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From Chris Anderson <>
Subject Re: View Performance (was Re: The 1.0 Thread)
Date Tue, 07 Jul 2009 19:50:48 GMT
On Tue, Jul 7, 2009 at 12:29 PM, Scott Shumaker<> wrote:
> The erlang view server does sound like it would be a big performance
> win - although I think it will make CouchDB meet with more resistance
> to mass-adoption if it becomes the preferred view path - simply
> because Erlang is a much less common language than, say, Javascript -
> and Javascript is a more natural fit to deal with JSON data.  Right
> now, I don't have to train my team up on a new language to merely be
> clients of CouchDB - and Javascript is far less intimidating and well
> documented to the novice.  For us, there's additional benefits since
> most of our codebase is in Javascript anyway - so our views can
> leverage functionality by including code from our app.  But if the
> erlang view server performance turns out to be significantly better,
> we'll probably have to bite the bullet and rewrite all of our views.

I think getting Erlang views in trunk will be an important step toward
making the JS views faster, because it will force us to get our
single-node parallelization right.

I think the closest thing to done is but that suggests some
helpful internals refactoring. Here's a prime spot for patches if
anyone's feeling ambitious.

> Still, I'm pretty convinced that you could make optimizations to make
> the javascript view server nearly as fast as the erlang one -
> especially since, when you really think about it - data comes into
> CouchDB as JSON, gets run through a Javascript view server, and gets
> returned to the client as JSON.  With JSON in and out (which is barely
> touched by CouchDB - other than _id and _rev), it does seem like you
> could avoid most of the conversion overhead.  And you could certainly
> re-architect couchjs to have a more efficient communication path.
> I know the standard response is 'you want it - well, patches are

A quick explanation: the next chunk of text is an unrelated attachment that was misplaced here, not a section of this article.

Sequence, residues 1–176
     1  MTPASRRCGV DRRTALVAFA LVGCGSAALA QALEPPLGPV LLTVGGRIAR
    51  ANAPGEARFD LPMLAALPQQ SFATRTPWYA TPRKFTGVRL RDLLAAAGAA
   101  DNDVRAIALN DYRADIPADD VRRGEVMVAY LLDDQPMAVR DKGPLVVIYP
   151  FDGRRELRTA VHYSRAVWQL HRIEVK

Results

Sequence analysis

> welcome!' but I'm speaking as a client of CouchDB - one that is very
> busy trying to get a product launched (and not blessed with enough
> free time at the present moment to really learn Erlang, let alone
> contribute significant amounts of code).  So I'm just trying to be an
> advocate for the many developers who would love to use (or are using)
> CouchDB as a 'better SQL' - a persistent storage backend that makes a
> lot more sense for storing and dealing with the kinds of data most web
> apps face.  I think there are lot more people like me out there, too -
> and tons more who are waiting with bated breath to see how CouchDB
> develops.
> On Mon, Jul 6, 2009 at 1:53 AM, Brian Candler<> wrote:
>> On Sat, Jul 04, 2009 at 03:26:23PM -0700, Scott Shumaker wrote:
>>> 53K docs apparently take 68s to be converted to JSON, and received by
>>> the dummy server (with no docs emitted) - or about 780 docs/second.
>>> couchjs is slower than bork.rb in this case (unsurprising -  bork.rb
>>> not really parsing the data)
>>> filtering on the couch side is an enormous win for our test case.
>>> K/V inserts - (5*53K in (200-68)s) = ~2000 per second
>>> This is a pretty big difference from Brian's results (8000/sec),
>>> although we're dealing with many more docs, and without comparing
>>> hardware specs, it's difficult to draw conclusions.
>> Hmm, my hardware is pretty lame (Thinkpad X30 laptop, P3-M 1.2GHz, 1GB RAM,
>> 2.5" IDE drive). Maybe it's because you're using a substantially larger
>> dataset than mine, e.g. more Btree nodes to update or more flushes to disk
>> or something. I'll try increasing the size of my benchmark test, but
>> annoyingly RestClient inherits Net::HTTP's 60-second request timeout, and
>> the high-level RestClient.get / RestClient.put API doesn't allow it to be
>> overridden. I'll probably monkey-patch Net::HTTP for simplicity.
>> Regards,
>> Brian.

Chris Anderson

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